Disabled former sheriff's deputy wins big at athletic competition
CHARLESTON, W.Va. -- It took Dan Clarkson about a year and a half to walk after a 2006 motorcycle wreck, even though doctors said his chances of that were slim.
Now the former Kanawha County sheriff's deputy is defying the odds again -- this time at a national disabled athletes competition.
Clarkson took top honors in all of his events -- discus, shot put and club (a throwing device for disabled athletes) -- and might have set records in all three throwing events at the Thunder in the Valley Games in Saginaw, Mich., last week.
"It was great," Clarkson said. "I thoroughly enjoyed it."
He was part of a team of seven West Virginia athletes who competed in the event, held May 30-June 2.
In all, the West Virginia team members set 12 national records and were champions of the small-team competition.
"We knew [Clarkson] and the other athletes had tremendous potential," said Jeremiah Gagnon, recreational therapist at Charleston Area Medical Center's medical rehabilitation center and chairman of the Challenged Sports Committee. "How much? Well, I guess it's up to them. We'll give them the opportunity."
Besides Clarkson, the local team members were James Cowie III, Wesley Dorcas, Mike Fielder, Fawn Washington, George Jackson and Charles Keiffer.
Gagnon said that since 1992, 11 West Virginians have held 19 national records for challenged athletes.
"In my theory, it's just the character of the people here," Gagnon said. "When you look at the people of West Virginia, the people who came to settle here, they were fiercely independent people."
There is one more official national event this year before the records are published for the year in January. The athletes will officially know then if their records for the year held or if they were beaten.
Before his motorcycle accident in 2006, Clarkson had been a Kanawha sheriff's deputy for 20 years. He was riding his motorcycle in Lincoln County when he hit some loose gravel, causing him to wreck. His spine was bruised in the accident, and doctors, in retrospect, say they didn't expect him to walk again.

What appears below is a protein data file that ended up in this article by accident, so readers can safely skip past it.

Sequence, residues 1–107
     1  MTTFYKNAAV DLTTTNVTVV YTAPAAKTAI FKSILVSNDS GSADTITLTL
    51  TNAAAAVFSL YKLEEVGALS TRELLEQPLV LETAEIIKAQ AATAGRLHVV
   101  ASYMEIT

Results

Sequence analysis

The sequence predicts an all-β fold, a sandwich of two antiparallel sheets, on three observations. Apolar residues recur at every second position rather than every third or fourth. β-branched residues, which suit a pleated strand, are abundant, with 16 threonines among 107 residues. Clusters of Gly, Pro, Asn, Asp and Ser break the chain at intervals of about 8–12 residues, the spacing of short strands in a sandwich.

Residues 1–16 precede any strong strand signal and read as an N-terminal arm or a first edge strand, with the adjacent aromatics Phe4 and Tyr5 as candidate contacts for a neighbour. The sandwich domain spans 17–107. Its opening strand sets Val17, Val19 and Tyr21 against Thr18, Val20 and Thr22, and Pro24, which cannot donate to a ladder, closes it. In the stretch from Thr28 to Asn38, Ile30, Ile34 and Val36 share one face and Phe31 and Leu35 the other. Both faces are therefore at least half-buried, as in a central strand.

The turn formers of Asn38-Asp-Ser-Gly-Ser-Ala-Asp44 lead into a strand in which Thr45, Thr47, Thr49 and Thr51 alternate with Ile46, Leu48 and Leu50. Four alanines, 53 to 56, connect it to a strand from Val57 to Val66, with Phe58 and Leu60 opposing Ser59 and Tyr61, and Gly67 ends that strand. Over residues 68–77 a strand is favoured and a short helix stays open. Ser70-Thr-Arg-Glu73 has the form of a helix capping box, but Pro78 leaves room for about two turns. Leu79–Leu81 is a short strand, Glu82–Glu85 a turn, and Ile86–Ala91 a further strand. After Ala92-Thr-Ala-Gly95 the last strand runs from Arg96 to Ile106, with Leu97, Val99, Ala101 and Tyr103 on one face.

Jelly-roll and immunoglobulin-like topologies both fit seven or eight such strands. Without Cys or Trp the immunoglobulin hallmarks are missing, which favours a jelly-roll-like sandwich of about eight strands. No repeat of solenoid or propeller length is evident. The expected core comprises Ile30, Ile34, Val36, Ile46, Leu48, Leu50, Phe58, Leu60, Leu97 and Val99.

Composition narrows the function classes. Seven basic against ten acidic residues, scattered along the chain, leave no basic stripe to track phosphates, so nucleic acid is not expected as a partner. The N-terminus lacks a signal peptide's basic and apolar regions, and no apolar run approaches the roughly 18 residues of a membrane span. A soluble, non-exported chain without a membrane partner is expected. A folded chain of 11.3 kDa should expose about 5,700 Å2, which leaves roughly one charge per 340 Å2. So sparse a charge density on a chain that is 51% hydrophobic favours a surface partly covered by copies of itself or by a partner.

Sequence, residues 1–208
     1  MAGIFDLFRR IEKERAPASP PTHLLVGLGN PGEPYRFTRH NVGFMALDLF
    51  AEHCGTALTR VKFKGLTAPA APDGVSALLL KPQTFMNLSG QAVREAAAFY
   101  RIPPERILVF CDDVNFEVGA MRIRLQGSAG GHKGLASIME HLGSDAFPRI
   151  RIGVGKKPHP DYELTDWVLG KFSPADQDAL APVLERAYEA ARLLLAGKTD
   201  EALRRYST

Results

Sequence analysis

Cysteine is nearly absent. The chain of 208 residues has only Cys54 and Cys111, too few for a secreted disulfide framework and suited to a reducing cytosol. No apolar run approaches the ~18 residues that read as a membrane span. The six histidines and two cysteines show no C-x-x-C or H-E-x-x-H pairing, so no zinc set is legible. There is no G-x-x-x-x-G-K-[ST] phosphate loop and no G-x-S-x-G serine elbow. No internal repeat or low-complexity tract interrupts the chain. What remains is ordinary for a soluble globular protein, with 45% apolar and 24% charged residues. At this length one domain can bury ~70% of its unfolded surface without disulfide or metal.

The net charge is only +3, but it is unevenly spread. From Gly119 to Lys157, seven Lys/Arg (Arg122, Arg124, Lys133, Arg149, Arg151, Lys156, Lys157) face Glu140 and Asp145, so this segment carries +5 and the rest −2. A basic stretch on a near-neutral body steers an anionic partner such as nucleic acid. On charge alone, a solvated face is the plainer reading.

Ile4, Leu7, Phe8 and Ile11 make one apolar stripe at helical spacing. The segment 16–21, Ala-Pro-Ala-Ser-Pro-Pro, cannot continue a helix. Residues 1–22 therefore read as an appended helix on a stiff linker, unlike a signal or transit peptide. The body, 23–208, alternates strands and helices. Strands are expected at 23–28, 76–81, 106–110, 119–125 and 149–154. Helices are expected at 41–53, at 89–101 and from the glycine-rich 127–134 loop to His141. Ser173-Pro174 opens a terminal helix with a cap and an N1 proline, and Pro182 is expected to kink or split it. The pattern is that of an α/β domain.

"[After the accident,] I said, 'Doc, you're going to be able to get me back, aren't you?' And he said, 'Yeah, Mr. Clarkson, I know you and I think I can.' But now when I go into his office, he tells me, 'Mr. Clarkson, I never thought I'd see you walk.'"
He's retired as a deputy, but still works a few hours each week at the sheriff's office.
"Dan is our inspiration around here," Sheriff John Rutherford said. "He never misses work. He comes in with a great attitude.
"He has challenges some of us don't, but he just smiles and is a real inspiration to the whole department, from the top to the bottom."
Clarkson had been training for the games since April but regularly works out each week at a gym in the sheriff's office.
"Three days a week he does a workout that a lot of other very healthy deputies don't perform," Rutherford said.
Gagnon, who has worked with Clarkson since his accident, said he got chill bumps thinking about seeing him succeed at the competition.
"You know the potential is there, especially with someone like Dan who's also the eternal optimist and always sees the bright side of things," Gagnon said.
Of all the athletes from West Virginia who competed, Clarkson's performance was the most outstanding because it was the best he had done, he said.
"Dan's by far was the best performance he's ever had in practice or in competition," he said.
Reach Lori Kersey at email@example.com or 304-348-1240.